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The General Purpose Archaeology Thread

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Ötzi the Iceman Was a Heart Attack Waiting to Happen

If a modern heart doctor could give medical advice to the iceman Ötzi — the man who was preserved as a mummy after his murder about 5,300 years ago in the snowy Alps — it would be this: Stop eating so much fatty meat and consider taking medications that lower your blood pressure and cholesterol.

This advice is based on a new comprehensive look at the iceman mummy's cardiovascular health. A full-body computed tomography (CT) scan showed that Ötzi had three calcifications (hardened plaques) in his heart region, putting him at increased risk for a heart attack. [Mummy Melodrama: Top 9 Secrets About Otzi the Iceman]

Ötzi also had calcifications around his carotid artery, which carries blood to the head and neck, and in the arteries at the base of his skull, which carry blood to the brain. Both hardened plaques likely elevated Ötzi's risk of a stroke, said Dr. Seth Martin, a preventive cardiologist at Johns Hopkins Medicine in Baltimore who wasn't involved with the new study. 

https://www.livescience.com/62689-otzi-iceman-mummy-heart-disease.html

 

 

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23 hours ago, Xlucine said:

If a modern heart doctor could give medical advice to the iceman Ötzi — the man who was preserved as a mummy after his murder about 5,300 years ago in the snowy Alps — it would be this: Stop eating so much fatty meat and consider taking medications that lower your blood pressure and cholesterol.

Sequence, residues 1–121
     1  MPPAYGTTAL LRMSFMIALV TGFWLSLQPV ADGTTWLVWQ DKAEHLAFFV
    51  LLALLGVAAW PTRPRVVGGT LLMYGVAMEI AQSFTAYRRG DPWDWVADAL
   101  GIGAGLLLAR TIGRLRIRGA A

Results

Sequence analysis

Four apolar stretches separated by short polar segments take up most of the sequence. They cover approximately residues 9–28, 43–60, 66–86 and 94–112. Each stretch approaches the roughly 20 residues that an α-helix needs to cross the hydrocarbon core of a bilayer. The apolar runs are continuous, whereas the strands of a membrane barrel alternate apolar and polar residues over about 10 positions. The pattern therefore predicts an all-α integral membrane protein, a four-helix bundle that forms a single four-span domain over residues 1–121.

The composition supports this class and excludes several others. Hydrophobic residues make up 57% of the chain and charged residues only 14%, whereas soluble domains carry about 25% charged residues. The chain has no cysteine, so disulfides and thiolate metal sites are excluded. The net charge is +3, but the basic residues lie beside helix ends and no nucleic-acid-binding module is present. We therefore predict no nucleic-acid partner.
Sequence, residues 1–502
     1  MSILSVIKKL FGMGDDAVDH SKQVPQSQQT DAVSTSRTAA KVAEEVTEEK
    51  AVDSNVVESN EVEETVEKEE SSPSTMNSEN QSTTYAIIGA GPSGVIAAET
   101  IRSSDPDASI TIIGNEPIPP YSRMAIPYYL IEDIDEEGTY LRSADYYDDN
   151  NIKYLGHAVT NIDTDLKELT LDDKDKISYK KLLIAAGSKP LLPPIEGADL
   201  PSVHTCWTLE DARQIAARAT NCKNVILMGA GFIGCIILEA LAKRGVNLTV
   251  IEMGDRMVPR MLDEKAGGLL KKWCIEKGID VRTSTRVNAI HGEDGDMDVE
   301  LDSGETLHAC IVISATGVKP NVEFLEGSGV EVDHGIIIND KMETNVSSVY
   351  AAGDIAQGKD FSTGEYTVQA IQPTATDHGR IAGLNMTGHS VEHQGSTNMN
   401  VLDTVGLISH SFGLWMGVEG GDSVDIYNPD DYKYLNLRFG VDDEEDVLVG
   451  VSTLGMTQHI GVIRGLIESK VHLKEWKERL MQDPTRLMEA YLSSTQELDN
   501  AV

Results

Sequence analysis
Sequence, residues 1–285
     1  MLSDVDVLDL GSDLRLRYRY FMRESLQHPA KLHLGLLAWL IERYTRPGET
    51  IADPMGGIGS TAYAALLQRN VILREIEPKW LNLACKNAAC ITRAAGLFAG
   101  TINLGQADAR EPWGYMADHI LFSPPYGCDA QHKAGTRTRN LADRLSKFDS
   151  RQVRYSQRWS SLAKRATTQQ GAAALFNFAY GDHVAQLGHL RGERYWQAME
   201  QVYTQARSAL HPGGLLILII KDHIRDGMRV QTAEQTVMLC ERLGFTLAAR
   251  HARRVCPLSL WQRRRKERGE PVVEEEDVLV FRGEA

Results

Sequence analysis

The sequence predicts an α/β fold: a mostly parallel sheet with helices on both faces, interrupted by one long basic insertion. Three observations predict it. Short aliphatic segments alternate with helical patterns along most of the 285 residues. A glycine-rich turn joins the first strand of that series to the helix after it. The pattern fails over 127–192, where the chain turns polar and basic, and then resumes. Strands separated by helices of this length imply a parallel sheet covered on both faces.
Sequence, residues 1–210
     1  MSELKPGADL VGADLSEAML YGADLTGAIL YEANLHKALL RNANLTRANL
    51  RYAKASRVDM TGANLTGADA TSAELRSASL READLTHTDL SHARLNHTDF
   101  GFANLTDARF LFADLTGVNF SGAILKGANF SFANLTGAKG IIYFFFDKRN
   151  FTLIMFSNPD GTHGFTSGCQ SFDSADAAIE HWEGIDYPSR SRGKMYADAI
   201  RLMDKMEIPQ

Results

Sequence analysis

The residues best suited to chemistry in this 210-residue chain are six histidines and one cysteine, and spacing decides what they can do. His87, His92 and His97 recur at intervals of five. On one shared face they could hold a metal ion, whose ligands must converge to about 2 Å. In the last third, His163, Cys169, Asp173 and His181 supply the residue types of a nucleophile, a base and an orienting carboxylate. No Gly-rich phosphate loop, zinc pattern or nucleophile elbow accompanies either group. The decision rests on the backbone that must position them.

And a good leeching, too!

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Our local iron age hill-fort (British Camp, Malvern):

 

I can see my house from here! 

1200px-Malvern_Hills_British_Fort.jpg

 

Nice plan view:

DIyrCdmXUAABsLo.jpg

 

3178672_956c864b.jpg

639324_9d75e40b.jpg

 

I'm trying to find some pictures looking straight up at the ramparts from the plain below, but no luck so far.....Trust me, it's fekkin steep!  :o

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American farmers of the southwest supplemented their diet with corn smut.

 

You have, perhaps, heard of huitlacoche, a Mexican dish made from a fungus that attacks corn.  It appears that intentional consumption of this fungus goes back a long way, over two thousand years, than that it helped offset amino acid deficiencies of the corn-heavy diet.

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41 minutes ago, Collimatrix said:

American farmers of the southwest supplemented their diet with corn smut.

 

You have, perhaps, heard of huitlacoche, a Mexican dish made from a fungus that attacks corn.  It appears that intentional consumption of this fungus goes back a long way, over two thousand years, than that it helped offset amino acid deficiencies of the corn-heavy diet.

I only knew of corn smut as one of the diseases of maize I had to memorise.

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3 hours ago, Collimatrix said:

American farmers of the southwest supplemented their diet with corn smut.